The 6th of February, 1976, was a Friday; a bad day to break your leg. The operating room was disinfected every weekend. So one had to endure excruciating pain for three days, till the coming Monday. But there is always a silver lining. In sympathy, the nurses would spend their time regaling you with stories. One such story was a bit perplexing.
The staff joked that the surgeon had to be reminded that it was the left leg that needed his attention. It transpired that that particular doctor had once operated on the wrong knee, by mistake! The 1970s were not consumer-friendly times, as yet; so, obviously, the scalpel-wielder was still at large. However, to give the devil his due, this time, he did a marvellous job.
Unfortunately, history repeats itself. A woman had a problem with her ear. The malady required surgery. She agreed to go under the knife. The doctor did the invasive procedure, only to find that the ear was ‘okay’. He then decided to investigate the other ear and, sure enough, found the problem and rectified it. What is called ‘inner-ear’ sicknesses could lead to this situation; at least, that is what some doctors say.
Now, instead of being thankful, the ‘ungrateful’ woman sued the doctor. Not for negligence, but for ‘battery’.
At this point, we digress a bit, to inform readers about the nuances of these technical terms in relation to law. A threat, an intimidating action, words or acts causing a fear of hurt, are usually classified as an assault. ‘Assault and battery’ involves physical contact, either of the body-to-body type, or with a weapon, an instrument, an object. To illustrate, if I were to lift a vase and threaten to throw it at you, or even give you that impression, assault could be established. If I then hurled it at you, and whether I hit or missed you, it would include battery. To put a fine point on it, the miss would then be ‘attempted battery’.
You be the judge.
How would you decide the matter of the ears? To our mind, a plea of negligence would have greater sanctity. But is a decision taken on the spur of the moment, in the operation theatre, with the patient under sedation, a negligent act? Should the surgeon have sealed up the first ear, waited for the patient to wake up, be in her senses, explained to her the situation and, then, if she agreed, work on the other ear?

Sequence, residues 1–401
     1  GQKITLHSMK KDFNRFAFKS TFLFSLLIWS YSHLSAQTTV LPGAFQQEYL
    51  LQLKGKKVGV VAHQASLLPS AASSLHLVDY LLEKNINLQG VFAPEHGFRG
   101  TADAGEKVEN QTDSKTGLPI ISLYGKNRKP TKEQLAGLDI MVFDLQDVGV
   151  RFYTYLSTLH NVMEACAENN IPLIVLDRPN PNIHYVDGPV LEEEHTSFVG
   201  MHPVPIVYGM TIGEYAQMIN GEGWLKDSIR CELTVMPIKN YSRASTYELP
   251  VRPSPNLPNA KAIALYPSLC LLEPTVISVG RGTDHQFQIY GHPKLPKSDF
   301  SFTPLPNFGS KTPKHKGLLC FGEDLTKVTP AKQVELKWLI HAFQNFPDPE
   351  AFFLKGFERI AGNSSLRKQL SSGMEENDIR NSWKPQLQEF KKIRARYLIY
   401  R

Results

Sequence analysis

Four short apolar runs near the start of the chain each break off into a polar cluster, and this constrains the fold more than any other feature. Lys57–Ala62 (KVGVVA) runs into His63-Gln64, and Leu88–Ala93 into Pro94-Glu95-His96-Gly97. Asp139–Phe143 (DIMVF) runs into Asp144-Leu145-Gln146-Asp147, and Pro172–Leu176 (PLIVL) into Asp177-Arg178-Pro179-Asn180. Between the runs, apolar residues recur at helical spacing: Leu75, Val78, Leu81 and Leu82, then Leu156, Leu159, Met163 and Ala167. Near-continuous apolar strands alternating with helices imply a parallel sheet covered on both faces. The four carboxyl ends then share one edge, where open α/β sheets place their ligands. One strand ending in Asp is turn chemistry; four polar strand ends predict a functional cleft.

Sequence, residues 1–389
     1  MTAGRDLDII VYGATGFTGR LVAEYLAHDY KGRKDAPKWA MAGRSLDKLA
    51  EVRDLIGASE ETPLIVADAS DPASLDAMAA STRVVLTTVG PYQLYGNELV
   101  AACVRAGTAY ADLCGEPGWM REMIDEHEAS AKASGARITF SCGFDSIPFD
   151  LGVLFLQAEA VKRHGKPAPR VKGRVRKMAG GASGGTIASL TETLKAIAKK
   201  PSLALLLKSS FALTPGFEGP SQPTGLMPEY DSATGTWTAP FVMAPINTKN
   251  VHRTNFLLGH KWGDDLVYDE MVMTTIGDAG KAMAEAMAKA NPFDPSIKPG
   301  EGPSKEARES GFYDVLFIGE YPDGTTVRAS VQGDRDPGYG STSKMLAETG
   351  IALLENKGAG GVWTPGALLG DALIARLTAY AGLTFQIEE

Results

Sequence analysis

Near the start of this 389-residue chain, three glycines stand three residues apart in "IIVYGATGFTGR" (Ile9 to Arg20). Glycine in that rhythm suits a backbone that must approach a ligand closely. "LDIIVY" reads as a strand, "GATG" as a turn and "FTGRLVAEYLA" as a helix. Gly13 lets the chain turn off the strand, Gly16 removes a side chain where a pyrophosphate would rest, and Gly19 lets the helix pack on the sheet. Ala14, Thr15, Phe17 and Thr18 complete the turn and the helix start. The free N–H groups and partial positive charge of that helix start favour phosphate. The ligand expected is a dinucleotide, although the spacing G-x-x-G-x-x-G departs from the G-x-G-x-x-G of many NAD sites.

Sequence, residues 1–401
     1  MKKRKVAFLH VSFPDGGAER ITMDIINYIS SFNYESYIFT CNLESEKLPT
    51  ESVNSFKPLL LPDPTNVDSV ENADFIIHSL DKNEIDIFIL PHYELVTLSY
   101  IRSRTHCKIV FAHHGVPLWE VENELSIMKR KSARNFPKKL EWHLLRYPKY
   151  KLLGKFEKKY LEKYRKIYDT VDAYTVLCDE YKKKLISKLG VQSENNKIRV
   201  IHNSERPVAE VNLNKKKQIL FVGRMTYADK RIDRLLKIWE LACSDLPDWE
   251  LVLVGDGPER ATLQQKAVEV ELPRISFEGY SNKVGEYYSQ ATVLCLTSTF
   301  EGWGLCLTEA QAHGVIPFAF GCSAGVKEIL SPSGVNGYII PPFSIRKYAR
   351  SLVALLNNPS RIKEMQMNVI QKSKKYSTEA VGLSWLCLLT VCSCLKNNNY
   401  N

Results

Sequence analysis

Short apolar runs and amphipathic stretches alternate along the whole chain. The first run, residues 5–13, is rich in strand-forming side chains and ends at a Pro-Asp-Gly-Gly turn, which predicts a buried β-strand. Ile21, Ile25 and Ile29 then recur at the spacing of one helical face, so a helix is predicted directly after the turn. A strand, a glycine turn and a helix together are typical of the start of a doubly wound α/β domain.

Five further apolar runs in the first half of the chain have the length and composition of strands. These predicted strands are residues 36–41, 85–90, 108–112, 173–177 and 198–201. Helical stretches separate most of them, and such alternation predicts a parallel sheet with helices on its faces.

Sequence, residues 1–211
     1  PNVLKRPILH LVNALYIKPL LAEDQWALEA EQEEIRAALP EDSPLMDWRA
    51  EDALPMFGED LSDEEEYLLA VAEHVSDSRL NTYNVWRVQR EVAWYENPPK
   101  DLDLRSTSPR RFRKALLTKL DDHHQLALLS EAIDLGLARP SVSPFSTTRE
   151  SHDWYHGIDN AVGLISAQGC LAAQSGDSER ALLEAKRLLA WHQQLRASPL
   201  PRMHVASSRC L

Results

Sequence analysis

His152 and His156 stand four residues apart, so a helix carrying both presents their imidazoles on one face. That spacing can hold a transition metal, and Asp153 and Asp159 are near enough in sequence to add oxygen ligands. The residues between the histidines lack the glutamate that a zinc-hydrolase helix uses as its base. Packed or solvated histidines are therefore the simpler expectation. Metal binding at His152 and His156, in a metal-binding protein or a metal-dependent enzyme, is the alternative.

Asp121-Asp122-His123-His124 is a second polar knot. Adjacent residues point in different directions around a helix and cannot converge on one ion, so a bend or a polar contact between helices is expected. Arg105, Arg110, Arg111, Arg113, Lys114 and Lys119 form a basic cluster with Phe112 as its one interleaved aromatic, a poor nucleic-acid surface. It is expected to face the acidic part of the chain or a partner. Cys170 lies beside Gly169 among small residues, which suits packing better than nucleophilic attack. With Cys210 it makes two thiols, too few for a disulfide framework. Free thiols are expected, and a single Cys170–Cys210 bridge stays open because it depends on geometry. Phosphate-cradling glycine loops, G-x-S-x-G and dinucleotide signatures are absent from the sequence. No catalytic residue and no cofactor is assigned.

To explain a negligent act requires establishment of a lack of a duty of care. It may not include any mens rea (bad mind), meaning an intentional act to hurt, with knowledge of the outcome. But then, why ‘battery’? The word ‘battering’ has to do with harm, usually physical.
The lawyer was smart. From what is argued above, negligence may not have been possible to prove. The patient was cured, after all. So, the next best attack was a charge of battery.
Nature has given us an even number of external organs. It makes for symmetry and convenience. It helps when one member is affected or lost. The other one comes into play. Yet, it also leads to errors, either of the knee type or the instant aural one. The lady’s lawyer, obviously, banked on the fact that the operation was contracted on for ear-1, and not ear-2. ‘Attacking’ ear-2, with an instrument or instruments was an act of battery, according to the plaintiff.
You be the judge.
The court did hold for the patient, BUT, it passed an order for a ridiculously small amount of the equivalent of Rs2,400.
A couple of issues back, Moneylife had carried a story on the unhappy loss of a 10-year-old boy’s life. The parents did not sue but, instead, carried out a campaign to avoid similar incidences. Can one compare the ‘two-eared’ lady with the exemplary mother?
And, coming back to the dual organ theory, have you ever thanked God that lawyers are endowed with only one mouth? As, indeed, for the fact that everyone else is also so restricted?